My characters are often “seekers” who are idealistic and struggle with the question of what it means to be a “happy adult” in this world. I feel I have a nonfiction book in me, too, but it’s not letting me know exactly what it is yet.

What is your writing process?

I am a “pantser” and an intuitive writer — I don’t do a lot of planning or outlining, I like to jump in and write. I’m a big believer in “spaghetti on the wall” first drafts. I want to get it all out there and see what sticks (which isn’t always easy for me as I have a pretty powerful inner perfectionist).

I almost always start the day with morning pages; I find I’m more grounded and centered throughout the day when I do, and very often an almost-complete blog post or idea for a short story or solution to the issue I’m having with my novel comes out of my morning pages. From morning pages, I jump off into my other writing.

I don’t write for hours at a time — at about 90 minutes max, I usually reach a point where I’ve had enough and it’s time to put away the writing and let my subconscious chew on it for a while before I return to it. Lately, I’m rediscovering how important it is to step away from the writing and come back to it with fresh eyes.

And it’s hard for me to talk about my writing process without mentioning the wonderful creative writing program at Columbia College Chicago. It was there that I learned to trust my writer’s voice and my innate sense of story, and I still picture the semi-circle of open, curious faces in those classes when I write. More recently, I’ve received tremendous daily support for my writing from The Writer’s Circle.

Oh, and coffee! I absolutely must have my coffee before I start writing. And — if there’s time — a good, long walk. And, if I’m writing at home, my cat on my lap.

And now I’d like to tag Michele Alishahi — a memoirist who writes beautiful blog posts. Her story is so compelling — I hope you’ll bookmark her site and visit it on June 23, as the My Writing Process blog tour continues!

I really want to hear about YOUR writing process, if you’re a writer. I’d love it if you’d share in the comments.

Curiosity … and decluttering!

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I’ve been focused on two concepts for the past several weeks and today as I did my morning pages, I found myself writing about what a difference this focus has made.

The first:

Curiosity, not judgment.

I’ve had a longstanding, automatic habit of feeling discomfort or dissatisfaction about some area of my life and immediately jumping to judging myself for feeling that way. Then my mind dives into the past and starts finding evidence for all the ways I’ve made poor choices to get me to where I am today. So not helpful.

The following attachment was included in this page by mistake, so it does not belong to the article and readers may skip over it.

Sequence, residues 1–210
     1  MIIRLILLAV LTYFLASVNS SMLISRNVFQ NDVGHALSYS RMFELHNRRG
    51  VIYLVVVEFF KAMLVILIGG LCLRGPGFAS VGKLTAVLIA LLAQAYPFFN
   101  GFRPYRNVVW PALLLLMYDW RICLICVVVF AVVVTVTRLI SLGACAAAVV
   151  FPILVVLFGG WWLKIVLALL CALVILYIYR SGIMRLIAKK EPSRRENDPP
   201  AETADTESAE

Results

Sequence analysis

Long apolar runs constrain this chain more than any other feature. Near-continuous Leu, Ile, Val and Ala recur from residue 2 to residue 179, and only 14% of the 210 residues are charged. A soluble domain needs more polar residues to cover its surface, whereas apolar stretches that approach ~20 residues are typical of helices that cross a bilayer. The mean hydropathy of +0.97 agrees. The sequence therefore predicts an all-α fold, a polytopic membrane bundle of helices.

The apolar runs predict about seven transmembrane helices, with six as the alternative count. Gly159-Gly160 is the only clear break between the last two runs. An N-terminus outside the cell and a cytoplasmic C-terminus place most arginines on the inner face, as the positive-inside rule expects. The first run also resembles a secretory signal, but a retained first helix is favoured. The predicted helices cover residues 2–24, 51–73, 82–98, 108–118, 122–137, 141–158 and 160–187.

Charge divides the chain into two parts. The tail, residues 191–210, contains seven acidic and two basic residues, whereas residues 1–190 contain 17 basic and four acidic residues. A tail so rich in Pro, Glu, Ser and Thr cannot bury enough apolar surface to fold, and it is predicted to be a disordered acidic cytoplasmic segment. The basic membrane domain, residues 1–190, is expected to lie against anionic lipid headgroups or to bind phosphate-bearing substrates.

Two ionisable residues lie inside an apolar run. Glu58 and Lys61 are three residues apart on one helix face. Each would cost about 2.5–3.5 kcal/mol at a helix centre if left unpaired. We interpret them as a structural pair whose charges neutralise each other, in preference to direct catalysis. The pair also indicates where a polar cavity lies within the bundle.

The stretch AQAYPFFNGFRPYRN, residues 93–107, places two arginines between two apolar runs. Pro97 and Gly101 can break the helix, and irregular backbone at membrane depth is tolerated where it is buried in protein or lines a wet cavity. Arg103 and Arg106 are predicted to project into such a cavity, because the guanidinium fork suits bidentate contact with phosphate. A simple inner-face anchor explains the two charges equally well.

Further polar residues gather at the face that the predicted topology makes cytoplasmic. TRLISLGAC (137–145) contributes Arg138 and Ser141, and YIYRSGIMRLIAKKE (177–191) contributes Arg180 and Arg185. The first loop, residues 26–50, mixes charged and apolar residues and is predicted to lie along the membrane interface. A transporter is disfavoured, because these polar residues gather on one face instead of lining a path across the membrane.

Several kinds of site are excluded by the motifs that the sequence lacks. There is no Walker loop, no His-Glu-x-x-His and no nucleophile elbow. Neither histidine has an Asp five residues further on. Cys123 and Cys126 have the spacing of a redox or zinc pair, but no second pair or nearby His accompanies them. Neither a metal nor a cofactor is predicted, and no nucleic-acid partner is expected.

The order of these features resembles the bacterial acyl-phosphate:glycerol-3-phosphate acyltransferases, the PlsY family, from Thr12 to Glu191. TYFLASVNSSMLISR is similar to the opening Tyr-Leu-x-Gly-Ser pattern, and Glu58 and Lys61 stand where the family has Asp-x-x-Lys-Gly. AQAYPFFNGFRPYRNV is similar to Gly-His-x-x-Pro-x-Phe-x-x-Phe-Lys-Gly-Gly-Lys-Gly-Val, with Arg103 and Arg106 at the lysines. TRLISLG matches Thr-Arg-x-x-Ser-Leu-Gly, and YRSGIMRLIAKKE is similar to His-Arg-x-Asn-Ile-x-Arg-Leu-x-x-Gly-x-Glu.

Over the past several years (particularly since going through coach training with Martha Beck), I’ve learned more and more how just getting really curious about what’s going on for me is WAY more effective than judging it.

When I judge myself (or some part of my life), I create a war. The judging voice says, “How could you have created this situation? What were you thinking?” And another part of me shouts back, “Hey! Stop judging me! I hate you!

Curiosity shifts that. Curiosity is neutral. Actually — curiosity is playful.

I love the curiosity my cat exhibits on a daily basis. It’s so much a part of him. He’s curious about his surroundings, checking them out literally every day as though they are completely new to him, even though he never leaves the same 900 or so square feet. Hey, what’s in this corner over here? Holy field mouse, it’s a dust bunny! How did this get here? How fun is this? I’m playing with it, now!

I like to take that kind of playful curiosity and apply it to the places I’m feeling stuck. Hmm … what’s going on here? What’s really going on here? Is this situation really like that one ten years ago? Or am I actually a different person than I was then, who has a larger range of choices? Hmm …

And so on. Curiosity takes the charge out of judgment and allows me to breathe, reframe, and see all my options.

The second thing I’m focused on lately is decluttering.

I have a deep, deep fear of loss of any kind. And I tend to get attached to objects, very attached. So for the past few weeks, I’ve committed to putting a bag of stuff together to donate every Sunday. I drop it into a donation box on my way to the grocery on Sunday mornings.

This has felt so good. I started small with this — one or two items — and it felt so amazing to let go of things that I’ve worked my way up to lots and lots of stuff.

My only rule has been that if I’m really hesitant to let go of something, I’m not yet ready to let go of it.

Frequently, what I’m not ready to let go of one week, I’m ready to let go of the next week. Fascinating, right? I can let go more quickly by not forcing myself to let go. Good to know!